As well, they get NO represntation in government, as they have no say in anything that happens?

    I AGREE with you that repeat felons (obviously any violence involved) people should not have guns, but if the crime wasn't intended to physically hurt anyone, should that make the felon unable to protect himself or his family for the rest of his life?

  • Rogue Cop posted at 11:54 am on Wed, Feb 29, 2012.

    Rogue Cop Posts: 2371

    We're not talking about taking a person's right to own a firearm from a drunk driver, or a petty thief, or someone who vandalized some property. A felony is a serious offense. And a repeated felon has demonstrated that he/she doesn't have the judgement or self control to have a right to have a firearm. The felonies that this guy was convicted of require specific intent. And he clearly demonstrated that he didn't "just make a mistake". He is a repeat offender.

    Where do you draw the line? On a guy convicted of armed robbery or of murdering someone with a firearm?

    What would be your argument if one of your family members was shot by someone who has been convicted of multiple felonies, serves his/her time, and possesses a weapon for self-defense. Drug dealers often possess firearms because in that culture violence is common.

    I think what you proponents of gun rights are failing to see is that when a person is convicted of a felony, they have intentionally decided to disobey the law and commit a serious offense. It's not an oversight or a "mistake" as someone stated.

    babydriver: You said, "It doesn't matter if you are... transporting a government mandated illegal item, you can still be robbed." So is it your position that somebody could rob a drug dealer so he/she ought to be armed? How about, a guy robs a bank so while he's enroute to his hideout he could be robbed of the money he robbed so he ought to be armed to protect his stolen goods? A guy steals your car and somebody might try to carjack him so he has a right to be armed to prevent someone from stealing your car from him?

    You guys are taking the 2nd Amendment to an extreme and esoteric definition and you're trying to impute the intention of the Bill of Rights to mean something absolute.

  • IDmtnman posted at 10:39 am on Wed, Feb 29, 2012.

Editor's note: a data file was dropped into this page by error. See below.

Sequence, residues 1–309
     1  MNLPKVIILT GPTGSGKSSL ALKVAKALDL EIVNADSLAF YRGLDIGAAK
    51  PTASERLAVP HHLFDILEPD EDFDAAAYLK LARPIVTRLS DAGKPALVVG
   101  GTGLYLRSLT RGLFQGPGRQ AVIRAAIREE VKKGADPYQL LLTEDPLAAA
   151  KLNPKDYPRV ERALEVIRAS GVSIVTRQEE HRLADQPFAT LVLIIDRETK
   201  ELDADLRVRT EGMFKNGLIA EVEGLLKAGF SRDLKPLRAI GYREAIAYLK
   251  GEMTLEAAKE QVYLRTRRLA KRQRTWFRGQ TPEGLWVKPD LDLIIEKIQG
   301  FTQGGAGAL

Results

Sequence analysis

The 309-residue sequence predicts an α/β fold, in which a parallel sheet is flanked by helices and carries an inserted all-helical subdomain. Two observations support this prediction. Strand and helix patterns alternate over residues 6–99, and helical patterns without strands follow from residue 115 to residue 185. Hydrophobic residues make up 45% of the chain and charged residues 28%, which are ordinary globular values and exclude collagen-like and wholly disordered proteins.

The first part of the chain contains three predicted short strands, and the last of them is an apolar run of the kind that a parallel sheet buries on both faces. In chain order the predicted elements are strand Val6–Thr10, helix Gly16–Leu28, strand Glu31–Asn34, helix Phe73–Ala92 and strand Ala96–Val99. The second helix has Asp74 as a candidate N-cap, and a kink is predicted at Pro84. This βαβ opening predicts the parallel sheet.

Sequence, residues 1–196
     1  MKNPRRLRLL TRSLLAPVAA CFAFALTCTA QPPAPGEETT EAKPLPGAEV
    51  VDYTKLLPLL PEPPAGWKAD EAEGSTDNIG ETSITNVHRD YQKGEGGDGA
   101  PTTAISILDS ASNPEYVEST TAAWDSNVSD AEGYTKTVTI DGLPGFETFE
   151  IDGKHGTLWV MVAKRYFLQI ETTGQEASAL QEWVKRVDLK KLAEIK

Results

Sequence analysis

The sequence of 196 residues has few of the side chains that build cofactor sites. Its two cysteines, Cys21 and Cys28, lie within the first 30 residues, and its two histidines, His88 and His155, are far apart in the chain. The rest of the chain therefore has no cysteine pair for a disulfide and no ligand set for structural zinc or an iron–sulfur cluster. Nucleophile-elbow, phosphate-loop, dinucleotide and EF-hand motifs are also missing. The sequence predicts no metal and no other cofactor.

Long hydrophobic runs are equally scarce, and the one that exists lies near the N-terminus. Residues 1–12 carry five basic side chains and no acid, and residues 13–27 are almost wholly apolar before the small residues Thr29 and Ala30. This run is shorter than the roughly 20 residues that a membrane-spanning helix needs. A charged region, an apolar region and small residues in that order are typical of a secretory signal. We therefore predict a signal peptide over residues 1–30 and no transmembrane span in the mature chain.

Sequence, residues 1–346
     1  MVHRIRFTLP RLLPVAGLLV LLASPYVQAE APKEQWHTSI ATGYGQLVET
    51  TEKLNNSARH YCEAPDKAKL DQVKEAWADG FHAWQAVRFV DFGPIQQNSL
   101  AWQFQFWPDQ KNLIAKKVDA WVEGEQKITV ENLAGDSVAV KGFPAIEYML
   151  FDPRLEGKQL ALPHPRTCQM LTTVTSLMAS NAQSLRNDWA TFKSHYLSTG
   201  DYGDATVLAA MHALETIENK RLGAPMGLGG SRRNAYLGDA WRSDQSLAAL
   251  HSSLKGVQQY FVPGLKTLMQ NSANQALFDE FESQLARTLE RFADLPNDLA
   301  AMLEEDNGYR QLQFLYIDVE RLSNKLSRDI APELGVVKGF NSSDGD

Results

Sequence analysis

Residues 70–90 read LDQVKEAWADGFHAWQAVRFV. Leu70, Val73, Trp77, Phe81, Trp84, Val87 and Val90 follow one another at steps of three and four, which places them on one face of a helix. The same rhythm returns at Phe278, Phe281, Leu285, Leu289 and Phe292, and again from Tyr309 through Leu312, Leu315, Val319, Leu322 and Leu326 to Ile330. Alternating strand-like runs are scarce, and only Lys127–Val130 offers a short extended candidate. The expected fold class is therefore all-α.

IDmtnman Posts: 55

    As a firearms owner, ardent supporter of our Second Ammendment rights and a life member of the NRA among affiliations with other organizations I whole heartedly endorse the strictest mandatory punishment for weapons violations. If this country enforced the laws currently active on the books, we wouldn't have to fight day in and day out to protect the rights and choices of all law abiding citizens. This is a good example on how things SHOULD be done!

  • babydriver posted at 8:23 am on Wed, Feb 29, 2012.

    babydriver Posts: 1393

    Gosh Rogue, How about self defense? I doesn't matter if you are running a gas station or transporting a government mandated illegal item, you can still be robbed.

    Losing the right to defend oneself and the right to vote is cruel and unusual punnishment. Just look at all of the very low lifes that have the vote now. Is this guy on welfare? Nope, an entrepreneur making his way through life.

    Once you have done the time the sentence should be done.

    Another thing, 'Violent Crimes Task Force'. What for? Where was the violent crime? In 1976?

  • BoxcarBill posted at 11:37 pm on Tue, Feb 28, 2012.

    BoxcarBill Posts: 1074

    Hey, Idaho has for profit prisons. More prisoners, more profit. Wonder how that profit enhances the chances those favorable towards supplying plenty of prisoners get reelected?

  • JoeIdaho posted at 11:05 pm on Tue, Feb 28, 2012.

    JoeIdaho Posts: 2841

    I think the Felons should have the right to bear arms, and vote as well.

    If you follow the line of reasoning, if a person is convicted of a felony of any sort, he/she loses the right to defend their home or property, forever. On voting, they lose the right to representation, for the rest of their life.

    So, by making a mistake, a felon can no longer defend his home or be represented in government.

    Yarply & Idahoman have it right, IMHO.

  • Rogue Cop posted at 9:26 pm on Tue, Feb 28, 2012.

    Rogue Cop Posts: 2371